To your college professors: Show them the research paper you wrote. Attribute your success in Korea to their help and guidance. Give them the bottle of soju (just for fun) and fancy rice wine (trade for the recommendation letter you will ask for). Delve into flowery, cursory observations of Korea. Use big words. Slip in a few Korean words that “there’s simply no translation for”—nunchi, jeong. Pronounce your judgments on the education system, the advantages and the shortcomings. Talk about the first week of school, how a student stood up in class and ran out the school gates crying. How you got more sleep in one night than some
students got in three. How you anonymously surveyed the students, asked them if they were generally happy, and 46 percent said they wanted to commit suicide. Pause. Discuss Korea’s perception of itself, relationship with the world economy, with neighboring countries North Korea and Japan. Analyze gender, nepotism, beauty standards. Agree to give a guest lecture for your professor’s intro class sometime, a sometime that will become a nevermind because you have no time.
To the scowling taxi driver: “But in South Korea, nobody tips.”
To your father: Say “It’s good to be back, too.” Look him in the eye and place your hand over his as he holds your shoulder – but wait. For now, keep it light. Take him to dinner and regale him with tales of your soju-soaked hweshiks[7. Company dinners] and noraebang[8. Karaoke room] nights. Show him the proper way to measure and prepare so-mek[9. A mix of soju (Korean rice liquor) and beer]. Return his deep smile. Accept the fact that he’s proud of you just because “you did it.” A week later, invite your father on a hike. When he’s drenched in sweat and puffing hard, come clean. Start slow. Tell him that there were hard times. Just as many downs as ups. Does he remember the picture you sent with the random ajeossi[10. Middle-aged man] outside the GS? Behind the smile, you hurt. Try to map out the dichotomy of being more connected but feeling more separated. The strange duality of “the best year of your life” also being the worst. Understand that when he says, “I know,” he can’t, and that’s okay. Put a happy face on the end of the conversation with a recap of the embassy pool party and prestige of the law firm you interned for. Smile.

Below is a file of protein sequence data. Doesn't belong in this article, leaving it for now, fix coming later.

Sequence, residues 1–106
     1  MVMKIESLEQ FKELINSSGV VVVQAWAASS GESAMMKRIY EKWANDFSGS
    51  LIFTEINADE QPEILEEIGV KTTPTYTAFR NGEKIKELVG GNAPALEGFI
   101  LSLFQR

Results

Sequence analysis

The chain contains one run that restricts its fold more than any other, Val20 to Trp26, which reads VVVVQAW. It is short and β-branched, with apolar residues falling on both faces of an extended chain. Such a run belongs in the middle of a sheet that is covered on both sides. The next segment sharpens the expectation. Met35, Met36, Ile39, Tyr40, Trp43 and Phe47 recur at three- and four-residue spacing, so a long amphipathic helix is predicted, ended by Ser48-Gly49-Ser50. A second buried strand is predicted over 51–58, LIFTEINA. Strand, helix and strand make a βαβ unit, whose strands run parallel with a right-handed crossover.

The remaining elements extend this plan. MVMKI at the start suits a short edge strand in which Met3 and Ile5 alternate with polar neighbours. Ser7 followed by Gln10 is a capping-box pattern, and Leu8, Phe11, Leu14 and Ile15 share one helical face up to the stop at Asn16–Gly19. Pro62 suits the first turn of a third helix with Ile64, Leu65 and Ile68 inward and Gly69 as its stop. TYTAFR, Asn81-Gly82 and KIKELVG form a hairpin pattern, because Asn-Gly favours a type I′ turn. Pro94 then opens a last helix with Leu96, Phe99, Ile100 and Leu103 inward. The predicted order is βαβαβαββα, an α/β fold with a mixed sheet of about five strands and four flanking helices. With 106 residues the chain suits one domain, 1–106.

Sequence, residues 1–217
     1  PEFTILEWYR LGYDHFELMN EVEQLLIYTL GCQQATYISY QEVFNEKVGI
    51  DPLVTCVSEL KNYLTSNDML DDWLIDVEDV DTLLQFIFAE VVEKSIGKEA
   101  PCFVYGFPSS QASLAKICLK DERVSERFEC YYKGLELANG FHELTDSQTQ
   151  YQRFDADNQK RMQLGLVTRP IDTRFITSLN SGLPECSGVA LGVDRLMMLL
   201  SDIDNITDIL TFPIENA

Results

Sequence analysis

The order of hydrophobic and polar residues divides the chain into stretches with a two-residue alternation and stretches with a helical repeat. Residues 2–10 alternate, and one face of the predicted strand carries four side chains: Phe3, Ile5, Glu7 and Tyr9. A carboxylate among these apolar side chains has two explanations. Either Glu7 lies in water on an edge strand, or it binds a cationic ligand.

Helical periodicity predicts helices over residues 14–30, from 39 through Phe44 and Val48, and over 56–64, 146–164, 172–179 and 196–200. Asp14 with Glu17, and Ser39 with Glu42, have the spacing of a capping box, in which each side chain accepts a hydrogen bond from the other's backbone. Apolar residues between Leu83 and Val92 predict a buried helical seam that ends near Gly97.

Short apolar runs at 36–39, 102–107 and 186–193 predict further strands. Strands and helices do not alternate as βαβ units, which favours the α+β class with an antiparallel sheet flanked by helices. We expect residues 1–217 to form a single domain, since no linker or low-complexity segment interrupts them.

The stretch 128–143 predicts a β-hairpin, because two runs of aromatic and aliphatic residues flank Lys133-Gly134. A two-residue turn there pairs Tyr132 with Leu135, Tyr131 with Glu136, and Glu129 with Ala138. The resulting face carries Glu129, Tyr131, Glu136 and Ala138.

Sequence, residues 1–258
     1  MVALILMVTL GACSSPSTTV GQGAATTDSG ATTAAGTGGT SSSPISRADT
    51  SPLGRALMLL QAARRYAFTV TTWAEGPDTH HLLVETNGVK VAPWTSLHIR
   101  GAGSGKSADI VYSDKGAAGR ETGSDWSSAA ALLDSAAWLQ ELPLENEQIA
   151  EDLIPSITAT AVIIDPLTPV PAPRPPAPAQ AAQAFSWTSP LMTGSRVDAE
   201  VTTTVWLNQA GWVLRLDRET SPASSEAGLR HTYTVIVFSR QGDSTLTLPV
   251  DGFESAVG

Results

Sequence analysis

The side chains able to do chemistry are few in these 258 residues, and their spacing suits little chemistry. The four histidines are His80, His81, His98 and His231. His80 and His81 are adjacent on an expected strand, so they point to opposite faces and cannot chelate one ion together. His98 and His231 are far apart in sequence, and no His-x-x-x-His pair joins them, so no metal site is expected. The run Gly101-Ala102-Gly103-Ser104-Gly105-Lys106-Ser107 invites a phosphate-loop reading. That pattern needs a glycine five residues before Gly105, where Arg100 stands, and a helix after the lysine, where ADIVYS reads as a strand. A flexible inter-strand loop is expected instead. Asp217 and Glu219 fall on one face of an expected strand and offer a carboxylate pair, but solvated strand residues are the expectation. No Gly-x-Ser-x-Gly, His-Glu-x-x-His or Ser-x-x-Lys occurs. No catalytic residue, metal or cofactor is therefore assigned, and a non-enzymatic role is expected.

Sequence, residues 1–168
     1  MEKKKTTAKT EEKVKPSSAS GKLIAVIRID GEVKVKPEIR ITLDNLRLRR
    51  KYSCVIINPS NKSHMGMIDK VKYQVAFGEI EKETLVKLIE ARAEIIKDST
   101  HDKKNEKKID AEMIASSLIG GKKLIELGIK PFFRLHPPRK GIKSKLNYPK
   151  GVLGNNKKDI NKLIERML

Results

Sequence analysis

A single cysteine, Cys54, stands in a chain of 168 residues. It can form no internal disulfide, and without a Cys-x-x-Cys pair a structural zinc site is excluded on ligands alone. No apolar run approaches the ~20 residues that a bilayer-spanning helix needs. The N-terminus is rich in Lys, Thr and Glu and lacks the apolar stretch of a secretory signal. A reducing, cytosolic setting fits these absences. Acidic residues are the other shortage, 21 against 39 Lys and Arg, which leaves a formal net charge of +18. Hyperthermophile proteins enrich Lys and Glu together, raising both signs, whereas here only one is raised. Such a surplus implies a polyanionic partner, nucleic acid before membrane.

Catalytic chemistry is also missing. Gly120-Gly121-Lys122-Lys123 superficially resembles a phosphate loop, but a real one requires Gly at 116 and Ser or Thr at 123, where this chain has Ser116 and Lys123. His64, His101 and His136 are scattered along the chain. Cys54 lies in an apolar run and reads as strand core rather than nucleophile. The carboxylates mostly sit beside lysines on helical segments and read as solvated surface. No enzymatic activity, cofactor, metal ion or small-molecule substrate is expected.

At the first party with old friends: Tell hilarious stories about ajumma[11. Middle-aged woman] and ajeossi encounters. Laugh about your inability to speak the language, even with weekly classes. Drunkenly suggest a game of charades, so you can show off your new proclivity for nonverbal communication.
To your sister: Embrace, harder and longer than you anticipated. Be okay with sharing more than you thought you would. Answer the questions, “How were the people/ weather/ food/ culture?” with broad strokes, knowing that she doesn’t care about the answer and is really after the comforting sound of your voice and familiar contortions of your face. Laugh when she can’t distinguish your last-minute airport purchases from the souvenirs you kept safe for months. While she updates you on her romances and struggles back home, reflect that the names and places she describes are just as decontextualized as the ones you laid out for her. Fill up with warmth anyway. Savor. Appreciate.
To the only guy drunker than you at the bar: Spill every drop of emotion you contain, recklessly indulge the nostalgia. Let the aching loneliness you felt abroad breathe. Look around the half-empty bar, at the stranger next to you. Wonder if you’re still isolated. Question the concept of “home.” Explain how every belief you had about yourself, your character, your needs, was challenged and broken and scattered. Talk about how your independence shrunk and shrunk as you were force fed food you didn’t want, left at the scheduling mercy of others, stranded by obligation, and guilted into sitting alone on your bed night after night, making up work to give your life a modicum of purpose. Yet, there are some intangible moments that you can’t help but miss. Are the tears wistful, or therapeutic? Stop. Apologize for monopolizing the conversation. Shift the focus. “How are you?” “I’m fine, thank you, and you?”
To the neighbor with all the cats: Try not to mumble. “Yeah, umm, Korea was really great. A cool experience.” Yes, you ate (and like) kimchi.
For now, this is all you can do. Prepare for the inevitable encounters, lines of questioning, demands for snappy assessment. Waves of memories, doubts and nostalgia will push down on you, coaxing you into a Sisyphean battle to roll these rocks back, back up the hill. Despite the effort, the outcome of all this mental chewing and reframing is impossible to predict.
Allana Wooley is a 2015-2016 ETA at Masan Girls’ High School in Masan, Gyeongsangnam-do. Robert Little is a 2015-2016 ETA at Changwon Science High School in Changwon, Gyeongsangnam-do.